With the forthcoming legalization of adult-use marijuana in California on January 1, the Long Beach City Council voted 5-3 on November 14 to move forward with the process of legalizing the sale of recreational marijuana in the city.
The passage of Proposition 64 in the November 2016 election legalized the sale of recreational marijuana in the State of California but allows for local governments to determine its legality within their city limits. During the election, statewide, 57% of voters approved of recreational marijuana, while more than 63% of Long Beach voters cast for legalization, according to city staff.
“So, City of Long Beach voters were higher than the county and higher than the State of California on this issue. This is one that is really clear that the voter’s intent is there,” Vice Mayor Rex Richardson said. “If we don’t take decisive action and begin to own this issue and create public policy that is right for our city now, we could very well be in a position where folks will go to the ballot next year. We need to move forward.”
Richardson’s substitute-substitute motion to develop an ordinance to allow, license and regulate the sale of recreational marijuana, with special care to include language regarding jobs, labor peace, and equity was passed. Councilmembers Suzie Price, Daryl Supernaw and Stacy Mungo voted against the motion.
During the meeting Price voiced her concern over the impacts of legalizing recreational marijuana sales, particularly the amount of resources necessary to enforce the ordinance and how that would affect the quality of life for residents. Instead, Price suggested the council vote to ban recreational marijuana until such time that all medicinal dispensaries were operating and the city had more data to inform its decision.
“We have yet to see what the practical application of our regulations and what the resources will be once these facilities are operating, and we have a market that might be illegal in nature established in Long Beach,” Price said. “We’ve only started to implement the medical marijuana voter-approved initiative here in the City of Long Beach.”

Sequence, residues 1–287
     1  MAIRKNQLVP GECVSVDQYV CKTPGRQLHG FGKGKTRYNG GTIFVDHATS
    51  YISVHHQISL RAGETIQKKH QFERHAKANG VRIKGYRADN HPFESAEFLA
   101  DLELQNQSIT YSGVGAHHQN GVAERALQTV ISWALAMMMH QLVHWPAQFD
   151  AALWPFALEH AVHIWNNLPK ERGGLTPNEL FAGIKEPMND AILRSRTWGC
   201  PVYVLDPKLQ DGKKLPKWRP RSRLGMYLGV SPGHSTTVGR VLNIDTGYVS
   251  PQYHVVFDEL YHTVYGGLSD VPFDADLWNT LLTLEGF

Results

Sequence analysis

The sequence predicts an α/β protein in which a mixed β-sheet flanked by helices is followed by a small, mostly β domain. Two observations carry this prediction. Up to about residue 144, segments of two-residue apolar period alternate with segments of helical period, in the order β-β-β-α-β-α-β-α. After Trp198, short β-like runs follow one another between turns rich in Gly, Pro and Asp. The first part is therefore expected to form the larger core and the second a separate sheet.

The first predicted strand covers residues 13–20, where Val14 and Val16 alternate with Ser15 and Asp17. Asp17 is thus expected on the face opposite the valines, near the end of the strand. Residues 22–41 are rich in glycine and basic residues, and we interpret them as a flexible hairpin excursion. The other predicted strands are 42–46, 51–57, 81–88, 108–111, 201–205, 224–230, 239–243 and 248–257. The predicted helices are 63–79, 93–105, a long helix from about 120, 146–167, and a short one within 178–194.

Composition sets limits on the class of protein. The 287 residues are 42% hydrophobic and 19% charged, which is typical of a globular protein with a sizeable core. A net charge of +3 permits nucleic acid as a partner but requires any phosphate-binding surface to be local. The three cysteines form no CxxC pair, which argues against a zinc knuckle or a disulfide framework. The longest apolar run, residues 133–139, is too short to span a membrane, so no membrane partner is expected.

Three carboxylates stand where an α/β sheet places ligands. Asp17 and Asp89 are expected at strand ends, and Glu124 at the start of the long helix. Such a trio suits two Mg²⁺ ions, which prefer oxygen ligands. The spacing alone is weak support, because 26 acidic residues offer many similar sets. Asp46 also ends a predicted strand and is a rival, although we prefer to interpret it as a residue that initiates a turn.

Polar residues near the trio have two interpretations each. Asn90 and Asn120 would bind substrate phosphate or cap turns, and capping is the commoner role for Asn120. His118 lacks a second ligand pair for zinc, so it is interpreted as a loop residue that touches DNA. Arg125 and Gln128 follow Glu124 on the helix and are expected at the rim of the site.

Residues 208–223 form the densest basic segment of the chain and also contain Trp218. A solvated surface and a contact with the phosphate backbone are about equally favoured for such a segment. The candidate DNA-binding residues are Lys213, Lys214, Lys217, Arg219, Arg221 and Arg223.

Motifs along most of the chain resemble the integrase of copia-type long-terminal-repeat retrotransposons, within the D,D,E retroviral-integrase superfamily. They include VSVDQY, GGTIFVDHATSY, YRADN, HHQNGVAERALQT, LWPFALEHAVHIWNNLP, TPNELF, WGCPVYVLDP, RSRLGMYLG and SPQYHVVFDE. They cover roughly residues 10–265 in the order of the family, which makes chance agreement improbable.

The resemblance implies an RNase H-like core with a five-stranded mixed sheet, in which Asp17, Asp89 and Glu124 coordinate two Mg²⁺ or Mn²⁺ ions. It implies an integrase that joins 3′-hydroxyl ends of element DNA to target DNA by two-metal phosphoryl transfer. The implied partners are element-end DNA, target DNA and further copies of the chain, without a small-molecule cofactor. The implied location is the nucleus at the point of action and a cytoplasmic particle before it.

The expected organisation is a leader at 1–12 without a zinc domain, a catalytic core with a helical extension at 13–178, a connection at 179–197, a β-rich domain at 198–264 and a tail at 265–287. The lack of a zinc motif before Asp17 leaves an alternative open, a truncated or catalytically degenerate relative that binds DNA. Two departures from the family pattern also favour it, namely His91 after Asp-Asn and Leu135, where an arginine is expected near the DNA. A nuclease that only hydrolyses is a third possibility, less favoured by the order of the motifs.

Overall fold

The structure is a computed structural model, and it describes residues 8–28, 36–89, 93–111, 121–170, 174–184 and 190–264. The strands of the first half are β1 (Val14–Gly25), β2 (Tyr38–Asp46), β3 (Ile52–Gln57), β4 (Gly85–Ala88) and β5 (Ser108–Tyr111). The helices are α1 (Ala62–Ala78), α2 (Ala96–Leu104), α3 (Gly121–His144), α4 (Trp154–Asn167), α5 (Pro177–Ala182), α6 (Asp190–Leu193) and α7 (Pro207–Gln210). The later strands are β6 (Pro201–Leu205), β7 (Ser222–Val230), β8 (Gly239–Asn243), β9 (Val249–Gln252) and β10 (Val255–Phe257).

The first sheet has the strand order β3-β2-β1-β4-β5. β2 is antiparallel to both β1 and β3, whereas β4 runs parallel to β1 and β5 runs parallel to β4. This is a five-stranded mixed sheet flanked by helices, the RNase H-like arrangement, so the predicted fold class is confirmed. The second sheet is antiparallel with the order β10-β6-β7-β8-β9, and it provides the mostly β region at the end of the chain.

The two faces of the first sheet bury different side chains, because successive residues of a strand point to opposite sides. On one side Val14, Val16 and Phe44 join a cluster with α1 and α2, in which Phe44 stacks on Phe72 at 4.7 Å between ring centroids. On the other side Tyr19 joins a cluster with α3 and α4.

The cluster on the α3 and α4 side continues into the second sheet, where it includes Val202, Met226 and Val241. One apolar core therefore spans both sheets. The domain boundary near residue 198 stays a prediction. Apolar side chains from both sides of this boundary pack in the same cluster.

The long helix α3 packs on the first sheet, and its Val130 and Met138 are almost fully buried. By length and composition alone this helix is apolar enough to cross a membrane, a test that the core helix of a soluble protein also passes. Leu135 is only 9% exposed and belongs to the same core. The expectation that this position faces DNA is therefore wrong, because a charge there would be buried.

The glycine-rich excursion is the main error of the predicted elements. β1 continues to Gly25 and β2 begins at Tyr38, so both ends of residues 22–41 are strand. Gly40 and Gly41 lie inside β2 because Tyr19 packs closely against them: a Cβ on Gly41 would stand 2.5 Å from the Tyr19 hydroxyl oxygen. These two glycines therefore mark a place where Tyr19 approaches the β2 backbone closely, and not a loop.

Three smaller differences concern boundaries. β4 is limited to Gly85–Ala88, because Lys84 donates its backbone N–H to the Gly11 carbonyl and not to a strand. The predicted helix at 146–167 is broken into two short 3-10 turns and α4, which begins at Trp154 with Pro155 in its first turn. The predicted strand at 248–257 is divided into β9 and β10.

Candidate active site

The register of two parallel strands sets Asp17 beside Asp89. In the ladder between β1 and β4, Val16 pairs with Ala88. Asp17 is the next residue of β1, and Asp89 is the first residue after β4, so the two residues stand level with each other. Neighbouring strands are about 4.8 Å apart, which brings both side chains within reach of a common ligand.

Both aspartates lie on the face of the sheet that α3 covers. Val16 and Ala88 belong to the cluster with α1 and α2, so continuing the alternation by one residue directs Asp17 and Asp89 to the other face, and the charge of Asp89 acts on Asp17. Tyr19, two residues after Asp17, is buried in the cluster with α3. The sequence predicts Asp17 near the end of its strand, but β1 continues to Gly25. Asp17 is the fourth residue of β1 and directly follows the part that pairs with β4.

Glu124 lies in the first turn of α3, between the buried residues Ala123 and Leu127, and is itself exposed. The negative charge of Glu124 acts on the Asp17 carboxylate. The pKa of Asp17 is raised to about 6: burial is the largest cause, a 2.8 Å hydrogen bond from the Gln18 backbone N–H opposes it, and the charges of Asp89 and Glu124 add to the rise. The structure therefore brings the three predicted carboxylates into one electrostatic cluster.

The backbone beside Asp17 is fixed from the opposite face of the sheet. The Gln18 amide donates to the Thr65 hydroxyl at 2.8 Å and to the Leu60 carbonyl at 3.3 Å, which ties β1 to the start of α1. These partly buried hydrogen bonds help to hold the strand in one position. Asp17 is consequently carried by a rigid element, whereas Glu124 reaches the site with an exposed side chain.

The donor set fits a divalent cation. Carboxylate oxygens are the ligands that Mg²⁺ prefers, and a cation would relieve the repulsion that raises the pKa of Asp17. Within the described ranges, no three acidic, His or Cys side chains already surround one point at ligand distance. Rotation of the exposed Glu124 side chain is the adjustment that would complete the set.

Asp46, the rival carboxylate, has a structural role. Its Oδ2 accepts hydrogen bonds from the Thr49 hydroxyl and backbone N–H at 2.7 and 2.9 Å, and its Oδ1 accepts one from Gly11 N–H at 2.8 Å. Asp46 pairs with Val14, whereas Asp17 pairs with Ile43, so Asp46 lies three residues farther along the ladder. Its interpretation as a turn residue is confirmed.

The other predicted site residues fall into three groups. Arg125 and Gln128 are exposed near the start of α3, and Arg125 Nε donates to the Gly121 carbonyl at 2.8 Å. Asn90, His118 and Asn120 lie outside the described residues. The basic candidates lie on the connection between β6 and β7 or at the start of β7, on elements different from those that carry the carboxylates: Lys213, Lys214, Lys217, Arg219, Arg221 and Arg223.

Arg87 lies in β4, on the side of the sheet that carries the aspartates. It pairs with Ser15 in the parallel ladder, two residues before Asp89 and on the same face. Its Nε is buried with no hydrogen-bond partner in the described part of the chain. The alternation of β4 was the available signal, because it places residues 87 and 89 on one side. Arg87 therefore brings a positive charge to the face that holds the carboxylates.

Last November, Long Beach voters also approved the sales, cultivation, distribution, manufacture and testing of medical marijuana. Measure MA placed an 8% to 12% sales tax on recreational marijuana, while Measure MM allows for 32 dispensaries in the city, two of which are currently operating. Staff recommended that the recreational marijuana sale ordinance include a provision to maintain the 32-dispensary cap in the city, with the already-approved medicinal dispensaries serving as recreational sales locations.
To avoid legal complications while the city manager’s office drafts an ordinance related to recreational marijuana sales, an ordinance enacting a 180-day temporary hold on recreational business licenses is expected to return to the city council in December. The ordinance to legalize recreational sales is expected to return to council by June 2018, according to city staff.
“I’ve been on this issue probably longer than anyone on [the council]. It’s been up and down, up and down, but . . . the voters have made their choice,” 6th District Councilmember Dee Andrews said. “The longer we wait, the more it’s going to encourage illegal behavior. If we’re going to do it, we better do it now. The voters have chosen, they told us what they want to do.”